Questions to ask at your appointment
This page has questions and tips to help you make the most of your time with the eye specialist and get answers about your eye health.
It’s natural to have questions when you’re worried about your eye health. Asking questions at your appointments can help you understand what’s happening, feel more confident about the future, and help reduce any anxiety you might be feeling.
It can be hard to remember everything you want to ask the eye specialist, especially if you’re feeling worried or nervous about your appointment. This page has ideas and helpful questions you can ask them.
Before your appointment, we also recommend writing down your list of questions, so you don’t forget anything. It’s also worth taking a pen and paper with you to your appointment, so you can write down information the specialist gives you.
Finding out more about your eye condition:
- What is my condition called?
- What causes my condition?
- Can it be cured or treated?
- What will happen to my sight in the future?
- Where can I get more information?
- Who can I talk to if I have more questions later?
- What happens next?
- Do I need to tell the Driver and Vehicle Licensing Agency (DVLA)?
- Are there any lifestyle changes I could make that will help?
You can also look up your eye condition and get easy-to-read information about it, including symptoms and treatments, on our online eye conditions guide.
If you need treatment:
- What, if any, are the complications of treatment?
- Will treatment make my sight better - or at least stop it getting worse?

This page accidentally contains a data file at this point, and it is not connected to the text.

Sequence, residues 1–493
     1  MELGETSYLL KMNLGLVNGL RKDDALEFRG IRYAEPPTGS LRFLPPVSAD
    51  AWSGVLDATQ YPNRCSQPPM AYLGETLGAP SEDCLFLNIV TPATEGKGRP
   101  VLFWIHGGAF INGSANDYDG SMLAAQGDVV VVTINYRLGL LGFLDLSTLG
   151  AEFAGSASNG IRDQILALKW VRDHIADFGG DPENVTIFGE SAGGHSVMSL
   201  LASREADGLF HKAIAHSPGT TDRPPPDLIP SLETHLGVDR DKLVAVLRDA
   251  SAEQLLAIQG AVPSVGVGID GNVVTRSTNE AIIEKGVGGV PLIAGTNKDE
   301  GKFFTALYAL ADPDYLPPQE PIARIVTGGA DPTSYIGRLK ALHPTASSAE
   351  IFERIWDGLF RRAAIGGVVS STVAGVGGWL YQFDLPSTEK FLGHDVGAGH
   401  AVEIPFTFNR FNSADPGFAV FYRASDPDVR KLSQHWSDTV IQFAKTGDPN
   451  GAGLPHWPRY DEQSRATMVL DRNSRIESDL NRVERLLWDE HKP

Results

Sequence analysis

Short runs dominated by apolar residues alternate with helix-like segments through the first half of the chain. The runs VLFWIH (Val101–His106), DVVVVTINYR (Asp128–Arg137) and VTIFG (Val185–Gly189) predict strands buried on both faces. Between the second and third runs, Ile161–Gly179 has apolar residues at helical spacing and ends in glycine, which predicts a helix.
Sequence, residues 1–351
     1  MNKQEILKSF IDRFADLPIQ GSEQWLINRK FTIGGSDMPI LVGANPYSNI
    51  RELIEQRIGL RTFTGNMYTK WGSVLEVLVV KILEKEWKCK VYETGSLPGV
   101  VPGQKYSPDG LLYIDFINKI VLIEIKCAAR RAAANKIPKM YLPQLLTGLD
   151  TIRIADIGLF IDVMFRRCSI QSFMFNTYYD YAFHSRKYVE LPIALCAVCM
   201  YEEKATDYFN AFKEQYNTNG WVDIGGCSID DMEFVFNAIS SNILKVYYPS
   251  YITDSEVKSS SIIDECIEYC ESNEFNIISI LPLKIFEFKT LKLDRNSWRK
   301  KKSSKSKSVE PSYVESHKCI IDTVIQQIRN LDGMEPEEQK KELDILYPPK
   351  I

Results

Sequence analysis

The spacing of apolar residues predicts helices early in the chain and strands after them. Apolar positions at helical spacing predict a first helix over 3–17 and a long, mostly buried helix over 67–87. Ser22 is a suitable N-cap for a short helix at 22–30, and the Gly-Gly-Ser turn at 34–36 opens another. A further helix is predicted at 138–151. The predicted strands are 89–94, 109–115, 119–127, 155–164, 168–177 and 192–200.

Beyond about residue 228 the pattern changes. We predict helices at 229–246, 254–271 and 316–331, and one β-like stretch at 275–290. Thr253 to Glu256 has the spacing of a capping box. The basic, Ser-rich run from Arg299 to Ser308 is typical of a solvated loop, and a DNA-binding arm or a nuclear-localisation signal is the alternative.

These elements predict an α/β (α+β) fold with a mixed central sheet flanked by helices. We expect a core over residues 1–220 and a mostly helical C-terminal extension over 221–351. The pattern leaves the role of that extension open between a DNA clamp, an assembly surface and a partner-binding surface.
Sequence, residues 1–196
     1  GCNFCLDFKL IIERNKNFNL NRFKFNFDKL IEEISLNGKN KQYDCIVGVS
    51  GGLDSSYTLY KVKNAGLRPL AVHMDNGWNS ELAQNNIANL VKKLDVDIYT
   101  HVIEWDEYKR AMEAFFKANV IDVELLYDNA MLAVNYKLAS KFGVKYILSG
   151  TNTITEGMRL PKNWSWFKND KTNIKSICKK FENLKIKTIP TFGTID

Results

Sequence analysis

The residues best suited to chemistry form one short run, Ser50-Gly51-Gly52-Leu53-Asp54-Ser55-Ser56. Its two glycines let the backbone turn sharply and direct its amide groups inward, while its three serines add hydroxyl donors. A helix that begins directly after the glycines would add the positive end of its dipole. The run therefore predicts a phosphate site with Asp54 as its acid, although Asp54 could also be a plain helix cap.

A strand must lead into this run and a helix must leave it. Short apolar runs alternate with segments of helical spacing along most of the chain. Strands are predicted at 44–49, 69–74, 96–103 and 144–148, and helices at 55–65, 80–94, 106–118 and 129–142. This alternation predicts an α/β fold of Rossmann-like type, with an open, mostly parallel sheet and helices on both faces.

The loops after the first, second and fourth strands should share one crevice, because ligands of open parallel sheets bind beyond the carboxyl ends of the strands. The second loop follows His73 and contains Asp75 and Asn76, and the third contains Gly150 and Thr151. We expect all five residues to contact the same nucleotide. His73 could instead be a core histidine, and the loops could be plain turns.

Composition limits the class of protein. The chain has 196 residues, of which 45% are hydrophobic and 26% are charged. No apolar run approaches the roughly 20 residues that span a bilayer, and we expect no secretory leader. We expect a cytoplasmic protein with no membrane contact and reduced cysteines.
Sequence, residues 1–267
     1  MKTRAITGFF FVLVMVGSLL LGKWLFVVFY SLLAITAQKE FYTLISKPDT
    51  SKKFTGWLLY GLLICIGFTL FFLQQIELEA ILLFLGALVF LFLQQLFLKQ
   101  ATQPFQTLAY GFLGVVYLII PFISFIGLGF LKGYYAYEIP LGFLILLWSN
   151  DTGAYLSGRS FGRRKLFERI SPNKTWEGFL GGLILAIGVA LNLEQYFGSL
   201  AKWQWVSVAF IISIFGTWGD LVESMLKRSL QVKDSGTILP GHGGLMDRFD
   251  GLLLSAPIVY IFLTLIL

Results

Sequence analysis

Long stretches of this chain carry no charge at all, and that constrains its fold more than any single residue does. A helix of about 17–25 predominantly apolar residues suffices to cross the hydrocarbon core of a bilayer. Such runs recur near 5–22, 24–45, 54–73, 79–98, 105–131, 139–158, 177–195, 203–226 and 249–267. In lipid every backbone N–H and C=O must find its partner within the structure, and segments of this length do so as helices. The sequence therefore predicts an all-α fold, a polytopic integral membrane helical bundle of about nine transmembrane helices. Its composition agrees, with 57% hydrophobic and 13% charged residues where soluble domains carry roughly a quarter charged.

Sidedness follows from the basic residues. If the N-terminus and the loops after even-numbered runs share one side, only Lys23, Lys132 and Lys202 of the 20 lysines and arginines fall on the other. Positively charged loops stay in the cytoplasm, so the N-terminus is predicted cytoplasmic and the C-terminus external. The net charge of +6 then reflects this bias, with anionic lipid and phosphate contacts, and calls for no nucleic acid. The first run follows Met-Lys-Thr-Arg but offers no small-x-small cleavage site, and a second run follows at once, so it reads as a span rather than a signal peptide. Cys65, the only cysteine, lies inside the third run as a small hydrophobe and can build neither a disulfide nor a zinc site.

- What would happen to my sight if I chose not to get treatment?
- Who can help me if I struggle with the treatment? For example, what to do if you can’t put eye drops in.
If you need surgery:
- What will happen during the procedure?
- Who will carry out the surgery?
- How long will it take?
- Is it going to hurt?
- Will I be awake for it? And do I have a choice?
- Will I be able to see anything during the procedure?
- Will I need to stay at the hospital overnight?
- What’s the recovery process like, and how long will it take?
- What will my sight be like afterwards?
- Will I need more treatment later?
- Are there any risks?
If you live alone or are a carer, it’s worth asking about any support that’s available while recovering from surgery.
If you’re told that you do not have a problem with your eyes, you can ask:
- When should I have my next eye test?
- Will I need to come back to the hospital or specialist clinic?
- What eye condition has been checked for or ruled out?
- If no eye condition has been found, what are the next steps to explain the reason I am having problems with my sight?
If you are told that your tests were inconclusive, it means there was no clear positive or negative result. If this happens to you, you can ask:
- What eye condition do they suspect?
- What happens next, will I need more tests?
- How soon should more tests be done?
Getting the most out of your appointment
If you find it hard to take in all the information during your appointment, we’ve prepared some quick tips to help:
- If you’re not sure about something your eye specialist says, ask them to explain
- Ask for any information to be sent in your preferred format (such as large print or audio) so you can refer to it later
- Ask your eye specialist to write down the names of the eye condition they think you might have or any treatments they may recommend, so you have a record of the correct medical terms
- If possible, take someone that you trust to your appointment. You can ask them to write down important information, and they may remember to ask questions if you forget something.
Whatever you’re thinking or feeling after your appointment, we’re here to help.
You can contact the RNIB Helpline if you need to talk after your appointment, for more information about your eye condition as well as practical and emotional support.